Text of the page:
Labels: We all use them, and we are all given them. Looking at myself, I am a blonde, heterosexual female of average height.
I am a college graduate who is somewhere in the middle class. I am Roman Catholic by birth; likewise, I am Irish, German and Slovak.
I'm a registered Democrat. I could keep going, but in all honesty, I hate when people label me because of the assumptions that come with said labels.
I went into watching the Bruce Jenner interview with a skeptical eye. In the interest of honesty, I have never had any interest in "Keeping Up With the Kardashians." I genuinely believe reality shows of that nature are exploitive and do more harm than good.
The Kardashians/Jenners didn't necessarily ask to be role models, but people do emulate them, as seen by the Kylie Jenner lip challenge that produced some horrific results.
Thus, I had very low expectations for the interview. While I am not quite old enough to remember Bruce Jenner winning the decathlon, I did know he was very much the All-American hero in his younger years.
More recently, I knew him as the guy who didn't seem to ever have a say in what his now-ex-wife and children do.
I was critical watching the interview. I was certain facts wouldn't align correctly, or there would be some telling sign in a hesitation.
But, I was wrong. Instead, I watched the heart-wrenching story of a man who never felt comfortable or successful because he identified as a female for the vast majority of his life.
As someone who is truly awful at hiding my feelings, I can't imagine how difficult this must have been for him. I can barely contain swear words or anger in the moment. I have to believe keeping a secret of that proportion must have eaten at Jenner for the majority of his life.
By the end of the interview, I believed every word that came out of Jenner's mouth. As someone who studies speech, I quickly noticed his mannerisms and speaking style were distinctly feminine.
After the interview, I went online to read reactions and I was pleasantly surprised at the outpouring of support.
Unfortunately, within 48 hours, the backlash had also become apparent. People didn't believe him; people thought he was just confused; people thought he was an abomination. Mainly, people didn't understand.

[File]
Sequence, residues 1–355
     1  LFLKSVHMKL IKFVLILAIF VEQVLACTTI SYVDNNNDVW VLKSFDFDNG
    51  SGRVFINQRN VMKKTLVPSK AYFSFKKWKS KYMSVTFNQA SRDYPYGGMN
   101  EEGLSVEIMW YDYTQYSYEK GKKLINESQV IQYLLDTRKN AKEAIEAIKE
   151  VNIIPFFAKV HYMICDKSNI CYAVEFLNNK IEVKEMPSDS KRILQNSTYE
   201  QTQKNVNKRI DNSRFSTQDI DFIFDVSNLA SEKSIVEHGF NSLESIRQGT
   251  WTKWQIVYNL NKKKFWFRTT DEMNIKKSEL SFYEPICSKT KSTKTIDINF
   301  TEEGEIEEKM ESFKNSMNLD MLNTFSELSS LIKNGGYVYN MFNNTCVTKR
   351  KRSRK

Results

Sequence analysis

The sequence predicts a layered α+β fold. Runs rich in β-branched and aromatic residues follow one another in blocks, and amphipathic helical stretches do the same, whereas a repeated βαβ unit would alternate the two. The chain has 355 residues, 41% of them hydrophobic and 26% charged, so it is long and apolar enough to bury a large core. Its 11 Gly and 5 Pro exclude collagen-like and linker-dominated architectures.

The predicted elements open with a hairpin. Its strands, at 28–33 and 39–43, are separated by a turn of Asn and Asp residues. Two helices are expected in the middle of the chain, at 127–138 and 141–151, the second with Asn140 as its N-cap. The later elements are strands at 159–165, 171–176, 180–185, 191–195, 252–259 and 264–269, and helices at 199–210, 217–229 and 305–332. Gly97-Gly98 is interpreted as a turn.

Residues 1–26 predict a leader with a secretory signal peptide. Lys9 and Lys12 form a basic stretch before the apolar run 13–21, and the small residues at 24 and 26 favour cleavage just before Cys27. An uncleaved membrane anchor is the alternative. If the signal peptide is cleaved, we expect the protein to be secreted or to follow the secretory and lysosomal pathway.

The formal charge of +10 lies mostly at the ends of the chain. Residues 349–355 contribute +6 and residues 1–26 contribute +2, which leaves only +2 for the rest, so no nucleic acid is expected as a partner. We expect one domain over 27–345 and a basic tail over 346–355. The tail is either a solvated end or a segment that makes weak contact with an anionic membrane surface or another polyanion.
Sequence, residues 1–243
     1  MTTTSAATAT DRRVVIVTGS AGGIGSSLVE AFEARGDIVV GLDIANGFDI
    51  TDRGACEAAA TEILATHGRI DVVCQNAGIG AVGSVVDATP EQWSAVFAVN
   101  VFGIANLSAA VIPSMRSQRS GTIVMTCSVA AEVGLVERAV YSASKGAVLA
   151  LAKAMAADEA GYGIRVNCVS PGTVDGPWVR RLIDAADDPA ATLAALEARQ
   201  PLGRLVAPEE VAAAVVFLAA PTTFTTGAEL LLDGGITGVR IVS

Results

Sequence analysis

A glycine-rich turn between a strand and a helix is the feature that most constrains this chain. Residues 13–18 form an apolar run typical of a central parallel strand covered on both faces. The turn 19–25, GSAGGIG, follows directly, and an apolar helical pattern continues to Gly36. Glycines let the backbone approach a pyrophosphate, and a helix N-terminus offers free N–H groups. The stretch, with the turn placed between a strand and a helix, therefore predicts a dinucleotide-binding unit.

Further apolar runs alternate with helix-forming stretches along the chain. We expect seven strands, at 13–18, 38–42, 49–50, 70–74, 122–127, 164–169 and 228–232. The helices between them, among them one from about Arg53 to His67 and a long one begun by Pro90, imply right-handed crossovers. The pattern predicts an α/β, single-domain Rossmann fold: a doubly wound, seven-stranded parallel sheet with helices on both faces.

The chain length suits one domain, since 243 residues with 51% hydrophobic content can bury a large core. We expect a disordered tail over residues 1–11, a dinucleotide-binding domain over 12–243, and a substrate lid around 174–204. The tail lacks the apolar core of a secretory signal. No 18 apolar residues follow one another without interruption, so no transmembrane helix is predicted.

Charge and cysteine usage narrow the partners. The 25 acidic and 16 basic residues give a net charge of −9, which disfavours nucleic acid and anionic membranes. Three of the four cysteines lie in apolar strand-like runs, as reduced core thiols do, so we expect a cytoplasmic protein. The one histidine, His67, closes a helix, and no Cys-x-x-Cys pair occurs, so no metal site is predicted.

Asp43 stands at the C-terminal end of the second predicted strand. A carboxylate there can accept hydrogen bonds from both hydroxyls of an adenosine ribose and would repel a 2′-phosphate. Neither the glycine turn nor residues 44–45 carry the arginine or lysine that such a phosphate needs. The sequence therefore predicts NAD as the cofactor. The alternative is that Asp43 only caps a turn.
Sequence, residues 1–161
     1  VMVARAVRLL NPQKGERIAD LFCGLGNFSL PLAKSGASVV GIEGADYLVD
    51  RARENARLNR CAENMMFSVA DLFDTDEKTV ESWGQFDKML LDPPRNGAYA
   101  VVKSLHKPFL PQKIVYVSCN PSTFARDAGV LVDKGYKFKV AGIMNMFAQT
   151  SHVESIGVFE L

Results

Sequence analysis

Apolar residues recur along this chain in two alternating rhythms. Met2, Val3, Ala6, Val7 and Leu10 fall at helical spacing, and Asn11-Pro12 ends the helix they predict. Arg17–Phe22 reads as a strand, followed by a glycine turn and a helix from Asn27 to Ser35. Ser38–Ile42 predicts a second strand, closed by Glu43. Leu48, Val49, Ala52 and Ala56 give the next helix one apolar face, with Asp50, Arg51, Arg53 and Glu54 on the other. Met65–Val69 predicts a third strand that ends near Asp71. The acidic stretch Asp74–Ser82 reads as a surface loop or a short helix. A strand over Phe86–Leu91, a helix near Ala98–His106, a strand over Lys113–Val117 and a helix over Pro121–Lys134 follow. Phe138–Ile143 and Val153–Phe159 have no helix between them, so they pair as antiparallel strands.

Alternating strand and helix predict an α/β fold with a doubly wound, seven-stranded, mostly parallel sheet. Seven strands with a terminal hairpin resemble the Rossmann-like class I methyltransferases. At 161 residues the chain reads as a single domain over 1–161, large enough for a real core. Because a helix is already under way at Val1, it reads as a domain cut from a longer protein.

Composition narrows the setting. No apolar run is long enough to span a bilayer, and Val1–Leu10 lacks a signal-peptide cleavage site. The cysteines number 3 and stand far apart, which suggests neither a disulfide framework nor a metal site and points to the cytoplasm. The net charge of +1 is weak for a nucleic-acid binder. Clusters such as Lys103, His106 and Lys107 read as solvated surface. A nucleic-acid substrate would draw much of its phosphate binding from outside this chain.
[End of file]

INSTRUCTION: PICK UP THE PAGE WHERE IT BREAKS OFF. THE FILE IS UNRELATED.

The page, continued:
Here's the thing: You don't need to understand in order to empathize.
I'm not transgender, so I'm never going to understand every emotion completely, but I'm still able to look at the situation and consider the amount of emotional and mental suffering a transgender person would feel.
Take away emotions and look at the statistics if you still have doubts. According to the American Society for Suicide Prevention, over 40 percent of transgender teenagers attempt suicide.
The number is staggering, and I'm not even taking into the consideration the violence the transgender community faces.
To simplify, for those who are still skeptical, why would anyone choose to make his or her life more challenging?
No one wants to be the victim of harassment, bullying and violence. Knowing those are the most likely consequences for identifying as a transgender, I can only imagine the internal struggle must be excruciatingly painful.
So, yes, I'm a blonde, middle-class, educated female. I'm Roman Catholic by birth. I'm a good person by choice and effort. Yes, I identify as a Democrat, but it doesn't mean I've never voted for a Republican candidate or sided with Republicans on an issue.
What those simplistic labels don't take into account is all of the work I've done to become the person I am right now.
Honestly, I rarely discuss religion or political beliefs because I fear of alienating people. I give Bruce Jenner a great deal of credit for talking about an issue that is certainly still taboo in society.
If he helps one person to become more understanding, that interview was worth it.
Jenner exemplifies the diversity in our society and forces the question of what is normal. From where I stand, Bruce Jenner is still a hero — a modern-day hero.